- e, i, o, and u, are short vowels—they sound similar to the English bet, bit, got, and put, respectively.
- ee, ii, oo, and uu are long vowels—they sound similar to the English, bat, beet, fought, and dude respectively.
- eee, iii, ooo, and uuu are extra long vowels. They usually have extra stress in the end or the beginning. They are like putting the long vowel oo followed immediately by the short vowel o (for example).
- ei, ou, oe, i.e., are short vowel combinations, they sound similar to the English weight, boat, and bite. The last combination is rare in Arapaho and is pronounced by saying the short vowels (above) e and i right after each other.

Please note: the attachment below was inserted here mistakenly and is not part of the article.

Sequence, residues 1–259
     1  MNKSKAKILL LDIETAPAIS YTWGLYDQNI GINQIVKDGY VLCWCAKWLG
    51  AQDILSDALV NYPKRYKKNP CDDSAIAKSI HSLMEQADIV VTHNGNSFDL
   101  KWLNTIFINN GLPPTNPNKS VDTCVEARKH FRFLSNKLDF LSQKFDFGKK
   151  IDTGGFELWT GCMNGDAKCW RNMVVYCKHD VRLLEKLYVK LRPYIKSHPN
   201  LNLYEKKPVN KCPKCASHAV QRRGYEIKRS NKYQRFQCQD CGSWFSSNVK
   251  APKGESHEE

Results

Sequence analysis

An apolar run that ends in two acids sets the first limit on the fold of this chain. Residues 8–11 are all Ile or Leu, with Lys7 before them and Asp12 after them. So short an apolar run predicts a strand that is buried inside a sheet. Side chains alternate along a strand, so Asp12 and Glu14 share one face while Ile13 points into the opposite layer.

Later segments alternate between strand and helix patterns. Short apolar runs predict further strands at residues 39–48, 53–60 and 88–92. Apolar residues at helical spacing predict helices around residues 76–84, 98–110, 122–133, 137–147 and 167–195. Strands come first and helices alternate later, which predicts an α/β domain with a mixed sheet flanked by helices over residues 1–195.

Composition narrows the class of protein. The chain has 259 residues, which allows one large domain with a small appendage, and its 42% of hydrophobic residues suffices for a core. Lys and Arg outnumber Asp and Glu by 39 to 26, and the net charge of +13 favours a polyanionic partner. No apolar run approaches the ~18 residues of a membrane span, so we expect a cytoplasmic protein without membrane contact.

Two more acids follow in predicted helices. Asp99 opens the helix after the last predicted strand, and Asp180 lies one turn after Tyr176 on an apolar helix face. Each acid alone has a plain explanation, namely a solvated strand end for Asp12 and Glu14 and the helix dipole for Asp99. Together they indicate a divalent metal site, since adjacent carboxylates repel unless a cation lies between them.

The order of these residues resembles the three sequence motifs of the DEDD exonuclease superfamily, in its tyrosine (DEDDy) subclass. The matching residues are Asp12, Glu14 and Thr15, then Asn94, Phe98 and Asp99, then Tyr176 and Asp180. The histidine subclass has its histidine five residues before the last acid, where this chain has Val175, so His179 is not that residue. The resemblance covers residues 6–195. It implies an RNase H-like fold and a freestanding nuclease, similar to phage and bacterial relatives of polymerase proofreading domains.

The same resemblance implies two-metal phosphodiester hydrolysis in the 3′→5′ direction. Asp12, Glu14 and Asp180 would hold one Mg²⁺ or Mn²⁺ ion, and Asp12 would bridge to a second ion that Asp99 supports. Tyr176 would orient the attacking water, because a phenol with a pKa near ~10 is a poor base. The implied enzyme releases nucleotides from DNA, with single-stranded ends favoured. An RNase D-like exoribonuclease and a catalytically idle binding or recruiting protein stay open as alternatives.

- eii, oee, and ouu are long vowel combinations. ei is like a ei with an i added to the it, oee is like an oe held a bit longer, and ouu is like a ou with a u added to the end.
Unless somebody writes up a intro to the consonants, look up an IPA tutorial and use that :)
Arapaho is a tonal language and tones are marked like this é, í, ó, ú (with an accent going from up to down) means it's a high tone. ê, î, ô, û, (like a cap) means a falling tone.